ID# Business Questions of a Dimensional Nature
1 What was the total premium collected by year as far back as we can go?
2 What was the premium collected in the New England states in 2002?
3 How much premium did we get for medium catastrophe risks in Connecticut as far back as we can go?
4 How much premium did we get for time-managed plan types in California in 2001?
5 How many passenger cars had collision coverage in November 2003?
6 What was the premium for red vehicles in Vermont with primary usage that had a $1,000 deductible? Break the numbers down per person and by accident limits.
7 What was the premium for coverages with a $1,000 deductible, a $100,000 per-person limit, and an $800,000 accident limit in 2000?
8 What was the monthly premium in 1999 for red cars with 750cc engines?


The three models are presented in Figures 1, 2, and 3. The hybrid model is based on the relational model, with two changes that derive from dimensional modeling practices: (1) Create a relationship from the PREMIUM table to each table in the upper portion of the hierarchy, and (2) Add the time dimension.

Figure 1. Relational model

Figure 2. Dimensional model

Figure 3. Hybrid model


Largely standard techniques were used to convert the models into their physical implementation in database schemas. The relational schema was created with normalized modeling techniques, and the dimensional schema was done according to Ralph Kimball's work. Creating the hybrid meant copying the relational schema and then layering the dimensional constructs on top of it. (The "File Descriptions" sidebar lists the most important files in the implementation--which includes those files with DDL, the system validation, the queries, and the automated analysis used to generate the sample code.)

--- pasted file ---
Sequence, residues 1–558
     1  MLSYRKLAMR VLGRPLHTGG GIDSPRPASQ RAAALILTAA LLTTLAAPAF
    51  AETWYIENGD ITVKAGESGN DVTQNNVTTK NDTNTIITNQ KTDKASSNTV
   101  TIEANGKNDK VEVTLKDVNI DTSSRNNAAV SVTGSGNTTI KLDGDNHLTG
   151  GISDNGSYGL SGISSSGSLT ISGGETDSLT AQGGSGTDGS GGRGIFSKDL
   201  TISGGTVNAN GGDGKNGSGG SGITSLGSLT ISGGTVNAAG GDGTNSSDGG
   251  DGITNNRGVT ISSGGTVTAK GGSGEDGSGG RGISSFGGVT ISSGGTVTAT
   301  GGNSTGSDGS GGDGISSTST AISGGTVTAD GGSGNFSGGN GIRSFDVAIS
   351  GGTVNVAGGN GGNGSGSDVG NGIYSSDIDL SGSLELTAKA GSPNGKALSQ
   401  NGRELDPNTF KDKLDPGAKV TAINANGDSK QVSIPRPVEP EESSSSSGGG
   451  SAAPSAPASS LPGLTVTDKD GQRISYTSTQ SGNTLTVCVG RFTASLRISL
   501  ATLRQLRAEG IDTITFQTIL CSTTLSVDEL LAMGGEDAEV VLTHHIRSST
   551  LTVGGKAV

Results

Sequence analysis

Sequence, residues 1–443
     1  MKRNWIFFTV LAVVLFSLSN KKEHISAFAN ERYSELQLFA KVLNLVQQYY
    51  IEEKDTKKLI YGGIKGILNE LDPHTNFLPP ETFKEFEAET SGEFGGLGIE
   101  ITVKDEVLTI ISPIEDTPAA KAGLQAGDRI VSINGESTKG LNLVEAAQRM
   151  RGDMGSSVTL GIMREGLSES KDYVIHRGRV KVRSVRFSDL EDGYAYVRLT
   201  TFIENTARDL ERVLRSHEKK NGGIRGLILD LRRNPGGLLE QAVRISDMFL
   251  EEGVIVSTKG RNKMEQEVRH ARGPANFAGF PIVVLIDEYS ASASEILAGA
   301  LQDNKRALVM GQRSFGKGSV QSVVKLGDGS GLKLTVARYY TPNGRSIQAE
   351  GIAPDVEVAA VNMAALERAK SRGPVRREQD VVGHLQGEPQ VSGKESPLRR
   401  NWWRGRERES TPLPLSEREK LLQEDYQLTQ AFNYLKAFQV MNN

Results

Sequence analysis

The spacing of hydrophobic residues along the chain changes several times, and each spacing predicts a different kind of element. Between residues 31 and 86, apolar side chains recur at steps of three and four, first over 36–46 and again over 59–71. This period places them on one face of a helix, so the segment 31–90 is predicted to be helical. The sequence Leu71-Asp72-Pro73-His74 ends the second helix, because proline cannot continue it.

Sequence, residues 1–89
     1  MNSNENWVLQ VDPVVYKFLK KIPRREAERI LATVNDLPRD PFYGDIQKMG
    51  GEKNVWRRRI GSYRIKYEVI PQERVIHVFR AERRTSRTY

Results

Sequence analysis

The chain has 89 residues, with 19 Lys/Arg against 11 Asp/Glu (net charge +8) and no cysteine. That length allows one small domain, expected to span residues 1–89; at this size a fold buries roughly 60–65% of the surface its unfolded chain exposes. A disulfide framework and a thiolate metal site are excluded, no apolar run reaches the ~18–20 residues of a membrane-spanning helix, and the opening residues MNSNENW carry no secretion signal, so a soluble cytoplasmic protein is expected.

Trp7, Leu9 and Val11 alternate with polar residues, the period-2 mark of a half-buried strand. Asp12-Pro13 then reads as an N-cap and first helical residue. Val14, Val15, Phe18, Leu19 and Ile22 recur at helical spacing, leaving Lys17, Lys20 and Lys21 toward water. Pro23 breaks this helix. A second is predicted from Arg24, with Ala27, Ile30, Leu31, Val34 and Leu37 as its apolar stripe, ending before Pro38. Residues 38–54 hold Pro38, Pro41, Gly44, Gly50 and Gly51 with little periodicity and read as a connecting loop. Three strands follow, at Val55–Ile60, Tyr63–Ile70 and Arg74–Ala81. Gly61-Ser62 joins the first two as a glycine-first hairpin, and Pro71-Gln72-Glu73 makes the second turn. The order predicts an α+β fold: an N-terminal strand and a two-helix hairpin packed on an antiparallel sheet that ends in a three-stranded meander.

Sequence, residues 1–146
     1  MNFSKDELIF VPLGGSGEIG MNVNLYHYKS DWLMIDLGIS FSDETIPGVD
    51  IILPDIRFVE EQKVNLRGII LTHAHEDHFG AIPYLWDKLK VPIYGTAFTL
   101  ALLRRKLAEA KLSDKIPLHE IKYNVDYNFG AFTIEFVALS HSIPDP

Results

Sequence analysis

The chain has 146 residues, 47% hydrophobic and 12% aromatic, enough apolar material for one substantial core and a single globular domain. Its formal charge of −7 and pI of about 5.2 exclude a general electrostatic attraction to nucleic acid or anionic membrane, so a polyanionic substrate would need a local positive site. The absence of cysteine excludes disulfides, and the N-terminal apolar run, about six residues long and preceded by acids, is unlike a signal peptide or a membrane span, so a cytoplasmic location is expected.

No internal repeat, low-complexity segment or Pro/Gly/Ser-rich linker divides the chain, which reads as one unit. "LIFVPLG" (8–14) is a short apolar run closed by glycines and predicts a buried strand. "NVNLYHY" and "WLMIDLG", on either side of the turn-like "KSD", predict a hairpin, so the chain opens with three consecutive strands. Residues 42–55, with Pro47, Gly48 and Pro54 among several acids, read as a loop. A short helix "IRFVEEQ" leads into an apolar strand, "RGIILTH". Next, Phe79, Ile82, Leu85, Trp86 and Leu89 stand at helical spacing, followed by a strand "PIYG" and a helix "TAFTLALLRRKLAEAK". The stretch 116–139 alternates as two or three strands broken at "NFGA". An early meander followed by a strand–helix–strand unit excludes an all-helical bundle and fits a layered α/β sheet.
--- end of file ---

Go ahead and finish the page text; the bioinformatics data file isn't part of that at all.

Because only three nonkey attributes are used, a SIZING attribute is added to each table, with a type of CHAR(100) to make the row size more realistic.

Certain database parameters must be set so that star joins will occur and materialized views will be used. The important parameters are shown here:

NAME                           VALUE
------------------------------ --------------------
optimizer_mode                 first_rows
pga_aggregate_target           83886080
query_rewrite_enabled          true
query_rewrite_integrity        stale_tolerated
sga_target                     167772160
star_transformation_enabled    true

Verifying that a star join is occurring is done with EXPLAIN PLAN, as detailed in Oracle documentation.

All three schemas were loaded with the same data. The best evidence of consistent data loading is that all three schemas produce the same answers for the sample queries.

The volume of data used for the analysis is shown below.

------ ------------ ---------- ----------- -------------------
DIM    ACCOUNT_DIM        2000         128 2006-01-14:19-51-56
       COVERAGE_DIM        900          17 2006-01-14:19-51-57
       POLICY_DIM         6000         128 2006-01-14:19-51-58
       PREMIUM_FACT    1371183          23 2006-01-14:19-52-14
       TIME_DIM           3600          21 2006-01-14:19-52-39